The hot water was running down her face, over and around her fingers where they were pressed into the marble of the deluxe shower stall. Trickles of red flowing from under her broken fingernails, blood nearly imperceptible against the scarlet-veined black stone. She'd left her clothes on, still caked with gore, torn in places; one sleeve gone, neckline raggedly hanging halfway down her chest, leggings in tatters from Reaver weapons. Irrelevant; she could still move in them, counter any threat.

    "Good night, princess. See you in your next life." And then he'd smiled, and the lid slid closed, and she'd curled up, a baby again in a small dark place. Safe. For now.

    Slice of past cutting into the present, severing her from the events of the day. No connection to emotions, no thread to hold her to causality, casualties, conscious recollection. Reavers did that. They couldn't kill her, but they disoriented her, every time. No-thought, no-future, no-plan, no-mind, pushing her into her no-place where there was only action-deed-reaction, and leaving her there alone when they were all dead.

    There had been water, before. When she'd met him before.

    "My name's Jack, and we have to get the hell out of here now." He'd fired his gun over his shoulder as his friend locked the door against the Reavers. "Can you fly this thing out of here?"

    "It's broken, there's no time--"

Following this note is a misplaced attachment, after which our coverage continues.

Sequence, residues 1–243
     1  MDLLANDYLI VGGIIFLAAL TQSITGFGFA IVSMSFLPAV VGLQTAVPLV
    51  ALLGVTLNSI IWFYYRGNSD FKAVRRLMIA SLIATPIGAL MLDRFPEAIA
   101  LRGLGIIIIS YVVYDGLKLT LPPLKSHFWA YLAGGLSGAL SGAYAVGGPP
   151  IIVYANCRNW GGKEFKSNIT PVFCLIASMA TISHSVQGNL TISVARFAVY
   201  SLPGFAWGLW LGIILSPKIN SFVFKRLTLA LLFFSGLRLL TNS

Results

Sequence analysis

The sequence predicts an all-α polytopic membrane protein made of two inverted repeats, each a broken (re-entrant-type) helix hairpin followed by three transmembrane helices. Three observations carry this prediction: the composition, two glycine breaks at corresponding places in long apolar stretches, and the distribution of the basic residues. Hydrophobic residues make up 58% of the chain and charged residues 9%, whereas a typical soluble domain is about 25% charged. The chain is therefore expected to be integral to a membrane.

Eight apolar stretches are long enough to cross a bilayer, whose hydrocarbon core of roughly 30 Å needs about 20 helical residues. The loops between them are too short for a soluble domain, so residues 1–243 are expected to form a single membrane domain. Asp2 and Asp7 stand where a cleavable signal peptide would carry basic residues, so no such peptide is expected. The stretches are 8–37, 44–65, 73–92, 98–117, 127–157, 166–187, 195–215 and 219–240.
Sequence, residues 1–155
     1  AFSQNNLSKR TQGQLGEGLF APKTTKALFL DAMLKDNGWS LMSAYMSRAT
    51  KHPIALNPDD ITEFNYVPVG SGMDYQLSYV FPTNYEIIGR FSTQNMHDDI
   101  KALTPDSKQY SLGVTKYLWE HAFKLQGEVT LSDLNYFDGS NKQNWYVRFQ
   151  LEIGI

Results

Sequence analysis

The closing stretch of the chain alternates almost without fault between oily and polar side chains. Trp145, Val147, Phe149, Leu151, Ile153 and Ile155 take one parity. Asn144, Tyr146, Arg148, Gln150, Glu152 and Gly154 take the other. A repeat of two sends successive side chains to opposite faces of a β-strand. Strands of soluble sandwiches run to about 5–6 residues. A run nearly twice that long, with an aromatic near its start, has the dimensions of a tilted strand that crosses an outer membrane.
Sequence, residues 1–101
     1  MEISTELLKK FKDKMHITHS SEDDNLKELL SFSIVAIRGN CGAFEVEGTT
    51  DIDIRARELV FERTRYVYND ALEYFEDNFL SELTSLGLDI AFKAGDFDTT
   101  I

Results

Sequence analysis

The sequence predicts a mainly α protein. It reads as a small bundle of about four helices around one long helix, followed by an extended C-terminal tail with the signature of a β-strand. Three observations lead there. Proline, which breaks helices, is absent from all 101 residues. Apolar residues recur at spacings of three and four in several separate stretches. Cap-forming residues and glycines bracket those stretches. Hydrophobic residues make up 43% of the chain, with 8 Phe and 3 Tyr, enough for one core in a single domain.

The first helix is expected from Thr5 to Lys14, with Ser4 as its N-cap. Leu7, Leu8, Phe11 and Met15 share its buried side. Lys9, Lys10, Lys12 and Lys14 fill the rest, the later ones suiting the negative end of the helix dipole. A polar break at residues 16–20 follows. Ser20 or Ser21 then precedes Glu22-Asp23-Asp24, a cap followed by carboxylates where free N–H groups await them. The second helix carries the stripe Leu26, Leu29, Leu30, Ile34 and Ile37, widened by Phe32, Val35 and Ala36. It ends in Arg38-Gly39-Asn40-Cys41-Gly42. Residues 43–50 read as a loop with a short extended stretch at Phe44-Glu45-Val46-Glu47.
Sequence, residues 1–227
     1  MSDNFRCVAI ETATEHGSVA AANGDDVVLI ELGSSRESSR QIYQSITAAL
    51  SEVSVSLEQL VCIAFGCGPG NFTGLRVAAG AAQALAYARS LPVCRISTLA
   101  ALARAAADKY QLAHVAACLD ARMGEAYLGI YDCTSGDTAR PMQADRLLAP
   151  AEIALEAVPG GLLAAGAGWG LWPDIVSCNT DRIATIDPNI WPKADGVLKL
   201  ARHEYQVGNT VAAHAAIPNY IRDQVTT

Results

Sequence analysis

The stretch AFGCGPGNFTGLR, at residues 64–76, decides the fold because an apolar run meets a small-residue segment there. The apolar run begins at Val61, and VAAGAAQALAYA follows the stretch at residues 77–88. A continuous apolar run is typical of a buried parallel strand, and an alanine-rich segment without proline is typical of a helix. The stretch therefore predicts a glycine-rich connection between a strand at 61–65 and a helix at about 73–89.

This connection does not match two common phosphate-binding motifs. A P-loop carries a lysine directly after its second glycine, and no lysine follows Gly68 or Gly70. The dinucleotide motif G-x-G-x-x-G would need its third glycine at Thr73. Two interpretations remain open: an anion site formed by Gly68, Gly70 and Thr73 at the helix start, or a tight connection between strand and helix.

No. Before. Water. Music. Alarms going off. Another jump of perception. She'd recognized him when they'd broken through the door. Recognized but not remembered, known him but not why. And he was wrong, something solid in him like a steel thread that was pliable silk in everyone else, thin but implacable and she could cut off her fingers if she tried to touch it. Jack-of-Knives, shine and sharpness in the eyes, no twinkle though she expected one, and then the Reavers came and it all exploded into the dance. Monster waltzing with monsters.

    (She never wanted to be dead but sometimes she wanted to be different. But different how, she didn't know, and in a universe of infinite choices and futures all of hers lead to killing and she couldn't be sorry. But she could be sorry she wasn't sorry.)

    River leaned her forehead against the warming marble, eyes still open, focusing, unfocusing, seeing the grain of the stone and perceiving the molecules, the spaces between, and felt herself (her self, River-that-was, rivers of blood) fade and diffuse into the well of time.

    "River. River?"

    She swiveled her head to look toward the voice, and the conundrum was standing there in the shower stall with her. He'd shed his shirt, braces of his trousers down, feet unshod like hers. He'd turned on the light, too, golden glow bathing the room now. Voice gentle and warm, a line to catch herself on as the stars in her memory floated up to drown her. There had been violence and fragments of thought, disconnection from her own skin, and now a direction. Awareness achieved like the hand-over-hand action of climbing a rope.

    Blink. Blink. "Yes."

    He leaned one shoulder against the shower wall, crossed his arms over his bare chest, studying her. She returned the favor.